Date: June 18, 2024

Are you looking for the lowest rate or the lowest payment? πŸ€”

Contrary to popular belief, these are not always the same. ❗

One of the first questions I ask my clients is, “What is your goal over the next 3-5 years with this next mortgage term?” 🏠 Often, I hear, “I want the lowest rate because we want to control our cash flow.” πŸ’΅

So let me explain. πŸ“–
Everyone wants the lowest rate, but a mortgage is more than just a rate, and this is a great time to address that, with over 60% of all mortgages coming up for renewal and many looking for payment relief. πŸ“‰

Let’s assume two lenders have the same rate; how do you decide which lender is best for your situation? πŸ€·β€β™‚οΈ
Here are a few questions to ask your lender (broker): ❓
– What are the pre-payment options? πŸ’Έ
– How are penalties calculated? Did you know that bank penalties, on average, are more than non-bank mortgages? 🏦
– Can I change my amortization? πŸ“ˆ

Nine times out of ten, consumers compare what they see online or what their friends get on their mortgages; however, not all mortgages are the same. 🌐
There is usually fine print online, and the offering isn’t for everyone. πŸ“‹

Let me give you an example of two neighbours who both have the same $300,000 mortgage and are both up for renewal at the same time. They are both working with the same broker and are offered rates from the same lender. Why? 🀨

Bob was offered a 4.99%, five-year fixed rate to switch from his current lender to a new one. His new monthly payment is $2,362.84. πŸ’°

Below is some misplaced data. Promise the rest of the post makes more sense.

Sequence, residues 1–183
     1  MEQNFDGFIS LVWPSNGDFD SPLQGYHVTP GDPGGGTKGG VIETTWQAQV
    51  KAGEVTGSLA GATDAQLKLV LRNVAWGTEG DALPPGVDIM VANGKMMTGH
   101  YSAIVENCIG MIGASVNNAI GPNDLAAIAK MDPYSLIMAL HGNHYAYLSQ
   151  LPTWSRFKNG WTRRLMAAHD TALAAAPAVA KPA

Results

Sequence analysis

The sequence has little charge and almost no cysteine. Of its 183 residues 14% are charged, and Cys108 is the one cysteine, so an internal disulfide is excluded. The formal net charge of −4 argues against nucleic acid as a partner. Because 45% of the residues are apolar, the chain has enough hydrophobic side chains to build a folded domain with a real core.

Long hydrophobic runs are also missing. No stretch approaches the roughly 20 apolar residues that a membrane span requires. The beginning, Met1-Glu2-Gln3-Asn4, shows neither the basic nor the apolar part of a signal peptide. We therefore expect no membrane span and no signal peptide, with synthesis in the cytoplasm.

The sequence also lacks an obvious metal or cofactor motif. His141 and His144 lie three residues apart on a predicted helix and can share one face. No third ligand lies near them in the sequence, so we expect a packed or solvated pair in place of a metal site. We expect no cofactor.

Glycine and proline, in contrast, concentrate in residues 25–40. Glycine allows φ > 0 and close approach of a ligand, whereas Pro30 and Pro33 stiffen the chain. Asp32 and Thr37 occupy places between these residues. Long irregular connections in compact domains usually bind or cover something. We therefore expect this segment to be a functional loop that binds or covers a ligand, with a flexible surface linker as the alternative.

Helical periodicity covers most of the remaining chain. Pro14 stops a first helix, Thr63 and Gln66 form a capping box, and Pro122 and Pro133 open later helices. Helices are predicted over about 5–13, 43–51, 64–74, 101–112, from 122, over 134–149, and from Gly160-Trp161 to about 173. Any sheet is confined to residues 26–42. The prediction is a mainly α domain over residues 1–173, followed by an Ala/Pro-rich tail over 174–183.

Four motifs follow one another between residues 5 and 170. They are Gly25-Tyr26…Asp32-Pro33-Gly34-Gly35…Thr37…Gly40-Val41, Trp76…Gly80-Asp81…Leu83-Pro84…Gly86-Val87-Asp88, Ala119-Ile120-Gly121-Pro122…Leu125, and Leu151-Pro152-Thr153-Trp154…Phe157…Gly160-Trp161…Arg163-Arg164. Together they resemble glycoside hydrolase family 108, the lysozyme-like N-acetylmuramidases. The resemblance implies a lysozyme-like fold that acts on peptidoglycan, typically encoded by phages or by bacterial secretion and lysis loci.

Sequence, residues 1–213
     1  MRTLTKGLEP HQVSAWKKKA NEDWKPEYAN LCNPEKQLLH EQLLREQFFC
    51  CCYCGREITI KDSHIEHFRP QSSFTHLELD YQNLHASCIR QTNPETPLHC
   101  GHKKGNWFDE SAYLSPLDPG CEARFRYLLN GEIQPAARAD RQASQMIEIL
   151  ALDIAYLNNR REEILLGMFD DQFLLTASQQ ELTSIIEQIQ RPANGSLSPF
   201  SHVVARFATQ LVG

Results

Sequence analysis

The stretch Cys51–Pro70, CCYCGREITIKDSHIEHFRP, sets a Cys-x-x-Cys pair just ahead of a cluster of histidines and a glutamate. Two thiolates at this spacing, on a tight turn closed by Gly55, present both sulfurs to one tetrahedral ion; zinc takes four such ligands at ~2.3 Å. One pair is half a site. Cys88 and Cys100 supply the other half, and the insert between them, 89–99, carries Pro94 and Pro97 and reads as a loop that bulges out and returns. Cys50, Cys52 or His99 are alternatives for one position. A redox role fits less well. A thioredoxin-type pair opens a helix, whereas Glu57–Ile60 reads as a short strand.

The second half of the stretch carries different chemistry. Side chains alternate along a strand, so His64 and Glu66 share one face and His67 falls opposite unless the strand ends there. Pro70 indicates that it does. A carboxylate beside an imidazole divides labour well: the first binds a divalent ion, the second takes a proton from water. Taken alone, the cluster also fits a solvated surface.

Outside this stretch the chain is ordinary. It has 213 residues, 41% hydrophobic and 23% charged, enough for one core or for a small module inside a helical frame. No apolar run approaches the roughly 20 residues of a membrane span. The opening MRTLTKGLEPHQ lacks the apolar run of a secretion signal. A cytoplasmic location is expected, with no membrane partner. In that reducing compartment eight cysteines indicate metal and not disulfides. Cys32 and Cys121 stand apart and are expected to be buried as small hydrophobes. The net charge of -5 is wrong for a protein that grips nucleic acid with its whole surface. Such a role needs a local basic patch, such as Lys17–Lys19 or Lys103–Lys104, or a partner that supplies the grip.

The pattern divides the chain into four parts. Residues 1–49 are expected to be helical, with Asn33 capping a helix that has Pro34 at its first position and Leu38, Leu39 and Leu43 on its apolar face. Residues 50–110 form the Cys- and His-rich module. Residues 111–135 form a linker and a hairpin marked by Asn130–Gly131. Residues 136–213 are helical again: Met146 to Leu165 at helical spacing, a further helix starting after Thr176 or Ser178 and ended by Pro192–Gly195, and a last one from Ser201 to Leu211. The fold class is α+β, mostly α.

Meanwhile, Karen’s also up for renewal, and she was offered a rate of 5.14% with monthly payments of $1,626.23. πŸ’΅

As you can see, Bob’s rate is lower, but Karen’s payment is considerably lower. What’s the difference here? Is their broker cheating them? NO! 🚫 The reason for the difference in rate and monthly payment is as follows: πŸ“

Bob switched lenders. He took his mortgage and “switched it from lender A to lender B.” He made no change to his 15-year amortization; he kept everything on track as is. πŸ”„

However, Karen wanted a lower payment, so her mortgage was a refinance and not a switch. πŸ”„
Her amortization was increased back to 30 years because cash flow was more important than the rate. So, her mortgage payment is lower, her rate is slightly higher, and her amortization is higher. πŸ“ˆ

Depending on whether you are Karen or Bob, the decision you make has to be the right one for you. In this case, Karen will re-align herself in five years when things are financially better for her, and she can still go down to a 10β€”or 15-year amortization at that time and still make the same finish line as Bob. 🎯

If you’ve been reading my updates, I’ve been saying that each term must stand on its own, and when you realize that, you realize that the only person you are competing with is yourself, your lifestyle, and your expectations. 🌟

If you are one of the 60% Canadians up for renewal this year, let’s connect and review your options. πŸ“ž
Your home is your largest asset, and your mortgage is your largest debt; let’s review your current situation and see if it fits your personal plan. πŸ‘πŸ’Ό

Click here to book a time to connect and review your questions.

Talk soon,


Mortgages can be complicated; we are here to help you make “cents” of it.

We focus on Mortgage Solutions, Period!

To learn more connect with Ana Cruz 905.870.0513 or email at